Marseille does not resemble the picture-postcard version of France. The locals here have a saying, “D’abord, on est Marseillais, ensuite on est Français.” (First, we’re Marseillais, and then we’re French.) It is a city connected by a rich immigrant population and small neighborhoods, each with their own personality and identity. One of the most vibrant pockets of the city is Cours Julien, or Cours Ju, as it is called here. If the Vieux Port is the heart of the city and Noailles is the stomach, what does Cours Julien represent? On a recent visit to the neighborhood, that question was answered.
The tiny streets are crowded with small boutiques, tattoo shops, bars and restaurants, all camouflaged by the work of graffiti artists. A writer friend from New York City used the term Hippie-Punk to describe the vibe in Cours Julien, and it fits. Part chill, part rebel. It harkens to NYC’s Lower East side or Five Points when street artists were celebrated. The centerpiece of the neighborhood is a large esplanade surrounded by cafés and eateries. Typically blanketed in sunshine, people lounge at tables, enjoying an apéro or a meal. Musicians gather and kids play an impromptu game of football.
Just as the sun falls, by chance, we stumble upon Asabiya, a mezze restaurant and bar that specializes in Lebanese and Levantine cuisine. Outside the restaurant, musician Jean-Baptiste Gaudrat plays Django Reinhardt tunes on his guitar. Under trees lit by guirlandes guinguettes (strings of colored lights), tables are crowded with diners.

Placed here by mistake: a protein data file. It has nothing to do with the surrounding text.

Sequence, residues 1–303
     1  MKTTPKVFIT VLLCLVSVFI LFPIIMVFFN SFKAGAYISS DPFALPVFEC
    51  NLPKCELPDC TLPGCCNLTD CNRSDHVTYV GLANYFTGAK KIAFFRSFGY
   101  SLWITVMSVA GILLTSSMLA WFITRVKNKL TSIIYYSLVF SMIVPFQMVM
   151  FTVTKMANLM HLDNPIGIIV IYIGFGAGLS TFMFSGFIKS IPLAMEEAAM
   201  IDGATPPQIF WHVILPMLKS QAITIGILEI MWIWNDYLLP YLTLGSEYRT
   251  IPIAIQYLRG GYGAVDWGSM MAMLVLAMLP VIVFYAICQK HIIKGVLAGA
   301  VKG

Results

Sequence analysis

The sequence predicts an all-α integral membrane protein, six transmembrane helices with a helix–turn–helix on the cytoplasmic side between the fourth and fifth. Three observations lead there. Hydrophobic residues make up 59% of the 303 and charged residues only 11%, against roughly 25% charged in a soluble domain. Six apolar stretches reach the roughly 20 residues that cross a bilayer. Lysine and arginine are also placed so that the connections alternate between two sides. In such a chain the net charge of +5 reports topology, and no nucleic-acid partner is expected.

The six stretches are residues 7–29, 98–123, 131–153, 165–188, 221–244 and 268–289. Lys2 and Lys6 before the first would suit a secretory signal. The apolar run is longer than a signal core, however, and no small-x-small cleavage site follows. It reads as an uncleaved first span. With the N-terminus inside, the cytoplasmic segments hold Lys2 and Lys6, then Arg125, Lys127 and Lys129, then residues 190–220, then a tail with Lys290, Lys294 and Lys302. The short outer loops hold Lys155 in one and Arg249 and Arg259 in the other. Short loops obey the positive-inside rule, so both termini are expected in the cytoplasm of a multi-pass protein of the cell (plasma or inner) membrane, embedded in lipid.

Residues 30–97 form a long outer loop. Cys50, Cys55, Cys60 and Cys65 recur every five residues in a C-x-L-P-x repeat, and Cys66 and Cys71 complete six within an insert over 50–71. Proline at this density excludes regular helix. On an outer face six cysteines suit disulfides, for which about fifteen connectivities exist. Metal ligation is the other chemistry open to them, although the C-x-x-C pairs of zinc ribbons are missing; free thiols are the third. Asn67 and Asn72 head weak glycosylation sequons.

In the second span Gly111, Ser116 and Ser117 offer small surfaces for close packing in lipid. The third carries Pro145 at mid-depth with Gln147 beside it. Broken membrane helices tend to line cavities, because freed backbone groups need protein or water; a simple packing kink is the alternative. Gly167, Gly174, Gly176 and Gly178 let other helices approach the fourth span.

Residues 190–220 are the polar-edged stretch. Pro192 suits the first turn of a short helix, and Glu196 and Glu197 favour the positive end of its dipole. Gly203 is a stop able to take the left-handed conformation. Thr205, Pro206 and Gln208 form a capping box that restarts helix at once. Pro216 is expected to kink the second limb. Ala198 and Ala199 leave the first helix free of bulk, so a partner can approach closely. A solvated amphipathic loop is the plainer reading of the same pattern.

We are greeted by proprietor Paul Khouri, who seats us at a table by the door. The room is intimately lit. There is a small bar for cocktails, wine or beer, and a raised platform where musicians perform. In the center of the room is a large mural of 14th-century Arab historian and social scientist Ibn Khaldun, painted by Ahmed Naquib, a Marseille-based artist. Paul tells us that Khaldun and his concept of Asabiya was the inspiration for the restaurant. In The Muqaddimah, considered a masterpiece and the foremost Islamic history of the premodern world, Khaldun defines the philosophy of Asabiya, which translates to “solidarity” or “social cohesion.”
Born in Caen, Normandy, to a French mother and a Lebanese father, Paul studied political science in Lyon. After university, he spent time in the Middle East learning Arabic and working as a journalist in Cairo and Beirut before moving to Marseille in 2020. A natural host, Paul has always enjoyed cooking for and entertaining his friends. He had the idea of opening a place that was not only a restaurant, but a place for live music, DJs, comedians, readings and speakers. Together with 15 friends from Marseille, Normandy, Lyon, Egypt and Lebanon, they pooled their money and opened Asabiya.
Paul elaborates: “Asab means a nerve. So, the theory of Asabiya, it’s like the nervous system; it is the interconnection between people. A total of 15 friends work in our company. So the point was to highlight the group effect and solidarity. Solidarity between us and the social action we can achieve through Asabiya. We want to be community-minded. Society works within groups, not just individuals, society as an entity where everything is connected. So this is our commitment: this concept of Asabiya.”